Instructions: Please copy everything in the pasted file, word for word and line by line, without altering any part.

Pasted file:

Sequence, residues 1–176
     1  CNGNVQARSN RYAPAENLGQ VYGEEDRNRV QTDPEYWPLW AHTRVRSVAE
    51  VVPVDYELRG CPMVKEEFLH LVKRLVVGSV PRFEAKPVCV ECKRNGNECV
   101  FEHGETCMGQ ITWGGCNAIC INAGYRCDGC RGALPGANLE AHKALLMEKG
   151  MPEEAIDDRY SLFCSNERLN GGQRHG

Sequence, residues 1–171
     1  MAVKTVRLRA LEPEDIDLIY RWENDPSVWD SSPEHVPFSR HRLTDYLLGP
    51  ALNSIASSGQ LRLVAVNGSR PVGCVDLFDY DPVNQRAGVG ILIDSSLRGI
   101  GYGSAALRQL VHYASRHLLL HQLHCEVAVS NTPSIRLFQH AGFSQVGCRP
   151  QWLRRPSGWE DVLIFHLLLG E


Sequence, residues 1–176
     1  CNGNVQARSN RYAPAENLGQ VYGEEDRNRV QTDPEYWPLW AHTRVRSVAE
    51  VVPVDYELRG CPMVKEEFLH LVKRLVVGSV PRFEAKPVCV ECKRNGNECV
   101  FEHGETCMGQ ITWGGCNAIC INAGYRCDGC RGALPGANLE AHKALLMEKG
   151  MPEEAIDDRY SLFCSNERLN GGQRHG

Sequence, residues 1–171
     1  MAVKTVRLRA LEPEDIDLIY RWENDPSVWD SSPEHVPFSR HRLTDYLLGP
    51  ALNSIASSGQ LRLVAVNGSR PVGCVDLFDY DPVNQRAGVG ILIDSSLRGI
   101  GYGSAALRQL VHYASRHLLL HQLHCEVAVS NTPSIRLFQH AGFSQVGCRP
   151  QWLRRPSGWE DVLIFHLLLG E